The UK government coalition has announced plans to cut £95 million from its IT spending and scrapped education body BECTA (British Educational Communications and Technology Agency) as part of the wider economies it’s making.
The move forms part of its attempts to save £6.24 billion in its first round of cuts.
Chancellor George Osborne said in his speech this morning that “urgent action” was needed to repair the deficit. The savings will include “nearly £2 billion from IT programmes, suppliers and property.”
Lib Dem deputy David Laws said: “These are only the first steps which we will need to take in order to put our public finances back in shape.”
BECTA chairman Graham Badman and chief executive Stephen Crowne said the decision was disappointing. The body has 240 employees at its Coventry HQ.
In a statement, the quango, which costs the Government around £65-80 million a year, said: “BECTA is a very effective organisation with an international reputation, delivering valuable services to schools, colleges and children. Our procurement arrangements save the schools and colleges many times more than BECTA costs to run.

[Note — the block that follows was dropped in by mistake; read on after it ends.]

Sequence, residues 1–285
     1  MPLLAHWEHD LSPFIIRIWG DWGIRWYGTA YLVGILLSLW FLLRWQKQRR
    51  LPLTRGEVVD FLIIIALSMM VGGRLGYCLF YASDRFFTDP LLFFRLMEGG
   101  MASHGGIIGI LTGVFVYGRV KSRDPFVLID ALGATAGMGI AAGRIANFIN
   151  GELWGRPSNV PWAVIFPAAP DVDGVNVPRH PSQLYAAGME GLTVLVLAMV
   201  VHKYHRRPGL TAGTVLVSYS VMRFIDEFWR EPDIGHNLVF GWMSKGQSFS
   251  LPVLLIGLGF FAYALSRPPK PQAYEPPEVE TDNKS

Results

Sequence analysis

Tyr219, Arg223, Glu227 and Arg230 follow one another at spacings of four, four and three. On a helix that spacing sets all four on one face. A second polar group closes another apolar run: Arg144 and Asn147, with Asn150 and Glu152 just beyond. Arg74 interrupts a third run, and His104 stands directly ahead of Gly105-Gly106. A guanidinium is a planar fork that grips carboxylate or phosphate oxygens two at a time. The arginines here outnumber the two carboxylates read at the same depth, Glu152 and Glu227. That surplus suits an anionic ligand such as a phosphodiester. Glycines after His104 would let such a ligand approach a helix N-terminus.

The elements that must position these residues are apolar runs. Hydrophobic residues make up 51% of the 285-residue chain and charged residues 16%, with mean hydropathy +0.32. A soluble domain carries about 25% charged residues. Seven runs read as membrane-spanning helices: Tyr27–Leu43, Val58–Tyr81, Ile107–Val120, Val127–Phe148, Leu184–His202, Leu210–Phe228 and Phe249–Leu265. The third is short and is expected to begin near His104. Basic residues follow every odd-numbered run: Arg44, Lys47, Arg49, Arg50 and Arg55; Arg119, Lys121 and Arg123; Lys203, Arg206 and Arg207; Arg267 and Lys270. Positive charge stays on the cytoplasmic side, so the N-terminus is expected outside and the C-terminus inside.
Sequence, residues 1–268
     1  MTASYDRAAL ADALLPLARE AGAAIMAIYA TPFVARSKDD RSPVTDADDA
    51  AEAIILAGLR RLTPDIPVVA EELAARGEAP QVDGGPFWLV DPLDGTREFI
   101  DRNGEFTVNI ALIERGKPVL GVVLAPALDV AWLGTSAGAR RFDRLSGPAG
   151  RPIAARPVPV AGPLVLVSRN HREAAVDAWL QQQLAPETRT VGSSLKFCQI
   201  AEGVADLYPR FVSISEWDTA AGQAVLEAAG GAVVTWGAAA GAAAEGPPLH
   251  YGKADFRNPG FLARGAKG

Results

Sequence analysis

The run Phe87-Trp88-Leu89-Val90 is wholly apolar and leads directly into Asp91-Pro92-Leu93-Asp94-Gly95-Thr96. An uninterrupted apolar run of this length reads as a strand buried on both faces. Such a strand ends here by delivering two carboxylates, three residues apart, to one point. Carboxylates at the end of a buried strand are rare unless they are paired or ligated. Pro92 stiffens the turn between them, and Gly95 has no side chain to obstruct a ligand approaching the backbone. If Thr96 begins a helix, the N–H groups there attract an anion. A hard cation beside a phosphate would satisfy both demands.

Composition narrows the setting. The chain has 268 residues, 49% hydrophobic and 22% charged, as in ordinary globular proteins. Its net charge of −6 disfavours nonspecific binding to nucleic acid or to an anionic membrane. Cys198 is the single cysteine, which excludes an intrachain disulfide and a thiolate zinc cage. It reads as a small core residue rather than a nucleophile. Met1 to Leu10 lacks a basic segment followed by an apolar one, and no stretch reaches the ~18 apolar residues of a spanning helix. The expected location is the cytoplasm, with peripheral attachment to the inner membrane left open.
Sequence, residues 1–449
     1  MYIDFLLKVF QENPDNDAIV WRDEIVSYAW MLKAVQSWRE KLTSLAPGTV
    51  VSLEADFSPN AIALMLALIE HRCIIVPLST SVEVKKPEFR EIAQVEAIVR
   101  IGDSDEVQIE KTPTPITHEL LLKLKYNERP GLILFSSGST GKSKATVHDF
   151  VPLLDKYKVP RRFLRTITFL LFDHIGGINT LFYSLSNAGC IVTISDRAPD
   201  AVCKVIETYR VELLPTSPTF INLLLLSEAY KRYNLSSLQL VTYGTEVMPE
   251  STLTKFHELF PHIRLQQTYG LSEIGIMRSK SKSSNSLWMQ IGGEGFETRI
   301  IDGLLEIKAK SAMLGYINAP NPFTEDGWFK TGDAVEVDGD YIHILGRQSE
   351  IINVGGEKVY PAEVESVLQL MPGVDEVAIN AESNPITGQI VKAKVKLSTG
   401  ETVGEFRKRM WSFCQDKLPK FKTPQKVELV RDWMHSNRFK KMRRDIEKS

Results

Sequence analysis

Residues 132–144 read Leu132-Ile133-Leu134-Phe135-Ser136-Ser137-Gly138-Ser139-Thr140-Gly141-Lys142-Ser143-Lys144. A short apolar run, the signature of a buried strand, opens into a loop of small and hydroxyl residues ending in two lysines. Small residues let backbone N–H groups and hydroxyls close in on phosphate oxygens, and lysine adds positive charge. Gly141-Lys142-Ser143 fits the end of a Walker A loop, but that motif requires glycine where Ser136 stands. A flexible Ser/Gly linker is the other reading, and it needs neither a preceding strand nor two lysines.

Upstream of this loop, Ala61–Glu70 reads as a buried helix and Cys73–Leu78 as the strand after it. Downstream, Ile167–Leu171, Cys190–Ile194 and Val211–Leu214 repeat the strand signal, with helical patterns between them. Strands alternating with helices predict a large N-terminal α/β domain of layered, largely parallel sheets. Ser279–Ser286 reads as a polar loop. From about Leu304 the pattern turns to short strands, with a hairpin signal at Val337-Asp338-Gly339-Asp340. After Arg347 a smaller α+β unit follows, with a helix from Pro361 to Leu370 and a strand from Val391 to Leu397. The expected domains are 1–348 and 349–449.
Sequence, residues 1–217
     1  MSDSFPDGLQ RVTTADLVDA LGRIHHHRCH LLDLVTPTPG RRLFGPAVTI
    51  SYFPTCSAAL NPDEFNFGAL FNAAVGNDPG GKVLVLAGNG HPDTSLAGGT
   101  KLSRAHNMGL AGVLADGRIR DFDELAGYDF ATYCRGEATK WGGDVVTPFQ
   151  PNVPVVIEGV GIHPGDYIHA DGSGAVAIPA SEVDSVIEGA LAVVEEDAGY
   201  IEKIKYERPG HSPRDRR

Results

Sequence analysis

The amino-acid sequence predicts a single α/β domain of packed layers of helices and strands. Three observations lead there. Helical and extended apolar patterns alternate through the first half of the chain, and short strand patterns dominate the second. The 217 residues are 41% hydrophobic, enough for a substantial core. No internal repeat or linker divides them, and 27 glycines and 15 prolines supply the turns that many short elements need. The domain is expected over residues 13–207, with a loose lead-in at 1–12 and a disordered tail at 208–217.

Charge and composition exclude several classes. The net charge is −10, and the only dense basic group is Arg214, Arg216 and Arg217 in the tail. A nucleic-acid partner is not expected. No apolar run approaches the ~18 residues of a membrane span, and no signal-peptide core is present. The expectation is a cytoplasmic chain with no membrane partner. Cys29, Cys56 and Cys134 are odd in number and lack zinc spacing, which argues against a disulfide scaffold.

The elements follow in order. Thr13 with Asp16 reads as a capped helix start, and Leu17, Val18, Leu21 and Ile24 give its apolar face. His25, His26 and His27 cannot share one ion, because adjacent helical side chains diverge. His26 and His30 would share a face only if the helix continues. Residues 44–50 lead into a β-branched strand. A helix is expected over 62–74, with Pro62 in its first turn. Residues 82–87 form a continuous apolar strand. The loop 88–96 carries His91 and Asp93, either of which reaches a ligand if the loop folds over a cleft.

“Our top priorities now are to make sure we have an orderly and fair process for staff, and that as far as possible schools, colleges and children continue to benefit from the savings and support that BECTA has provided. We will be talking to Government departments and our other stakeholders including the industry about this.”
Other projects looking uncertain also include Gordon Brown’s plans to supply free laptops and broadband access for 270,000 low-income families, which began earlier this year.
When we called up for more information the Treasury press office told us they were unable to provide any further comment to the speeches already made. We wonder if they’ve already had their PCs taken away?